I have, finally, declared war on 5G.
I've been sitting quite quietly for the last couple of years waiting for the other shoe to drop on the whole 5G 'ultrafast internets for all' issue, but as OFCOM moves towards signing it up for actual public consumption and my pre-MWC inbox fills with "exciting announcements" (read: tripe) from vendors about how amazing and exciting 5G is going to be, I've decided it's all reached five to midight a little bit.
Thus, to try and save souls and sanity among the UK IT industry, I thought I'd try and cut a swathe through the bullshit and help IT budget holders try and figure out how much they're being lied to and misled by this latest bandwagon (spoiler: probably lots).
The approach was simple: I contacted tech vendors far and wide and asked them three key questions:
What is 5G?
How are you going to bring it to your end users?
Why should they even want it?
I was asked to elaborate on these deliberately vague and silly questions on several occasions, and flatly refused every single time. You're not getting me that easy, Dwayne Toddhunter, VP of Communications. This time, you're going to dance to my cheeky little tune.
From those who played along without kicking up a fuss, the answers I received were erm... illuminating, and I'll tackle some of the finer replies as I try to intersperse them with some good sense.
"New economic research"
Let's start with O2, who has recently "released new economic research which finds that 5G infrastructue is set to outstrip the economic benefits of fibre broadband for the UK by 2026".
This, of course, is tied quite politically into governmental ‘post-Brexit' strategy to try and deflect from the other, potentially numerous, financial difficulties of leaving the EU, but nevertheless - O2 maintains that 5G will be "twice as fast as fibre".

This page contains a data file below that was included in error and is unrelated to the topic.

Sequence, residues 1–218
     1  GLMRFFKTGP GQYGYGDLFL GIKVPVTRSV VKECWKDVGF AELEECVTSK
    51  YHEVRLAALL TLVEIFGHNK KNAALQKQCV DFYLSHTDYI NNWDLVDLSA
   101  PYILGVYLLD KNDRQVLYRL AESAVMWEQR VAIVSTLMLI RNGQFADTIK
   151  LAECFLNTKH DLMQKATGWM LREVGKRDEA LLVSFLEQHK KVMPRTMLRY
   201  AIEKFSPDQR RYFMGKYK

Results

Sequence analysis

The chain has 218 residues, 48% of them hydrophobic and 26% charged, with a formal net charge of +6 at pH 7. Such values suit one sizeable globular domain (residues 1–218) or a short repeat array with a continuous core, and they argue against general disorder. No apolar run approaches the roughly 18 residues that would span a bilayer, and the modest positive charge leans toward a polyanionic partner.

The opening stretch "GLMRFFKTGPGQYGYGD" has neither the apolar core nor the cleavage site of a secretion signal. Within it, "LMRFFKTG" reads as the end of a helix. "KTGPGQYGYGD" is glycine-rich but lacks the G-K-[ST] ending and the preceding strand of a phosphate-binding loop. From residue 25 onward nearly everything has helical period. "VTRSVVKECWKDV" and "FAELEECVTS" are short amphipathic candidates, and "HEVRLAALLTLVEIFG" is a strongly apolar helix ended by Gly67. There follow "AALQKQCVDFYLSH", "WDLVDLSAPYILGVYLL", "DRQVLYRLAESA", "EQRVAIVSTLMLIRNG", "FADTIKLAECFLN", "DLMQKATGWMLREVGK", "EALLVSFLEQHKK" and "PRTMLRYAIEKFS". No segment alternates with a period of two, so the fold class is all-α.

This is despite, (as we'll learn later, oh we will learn) the fact nobody is yet quite clear what spectrum it will run on, or how the hugely expensive infrastructure to roll it out is going to stack up next to the so-called "productivity boost" of £3bn a year we'll apparently all enjoy when 5G replaces 4G (and, apparently, all broadband).
Cobham Wireless, which of course will be demoing at MWC this year (and giving you a keyring), reckons it's nailed 10Gbps (that's 10,000Mbps), via what it's calling an "IoT proof-of-concept solution". Neat stuff, but again - with no infrastructure nailed down on an international level, this is just more spluttering pipedreams.
Interestingly, Mobiles.co.uk told me 5G is only going to provide "100mb per second in metropolitan areas". That's not 10Gbps, and certainly isn't "twice as fast as fibre". So much baloney, whizzing around my inbox.
Time-out. Let's get some ground level sense on all this.
Professor William Webb is a senior member of the Institute of Electrical and Electronics Engineers (IEEE), as well as the author of a book called "The 5G Myth" so, given the opportunity, I just had to push him those same three questions. But first, here's Webb's general argument as to why 5G as it's being sold is probably nothing but dead-eyed, half-minute-long handshakes by Mr Corporate Kool-Aid and friends:
Employees claim that the tools give "the keys to the kingdom"
Researchers called the trend a "troubling sign"
The Alexa-powered hardware would offer suggestions to users on how they can better interact with people around them
Group CTO Ed Conolly explains the role of data infrastructure in meeting the demand for clean energy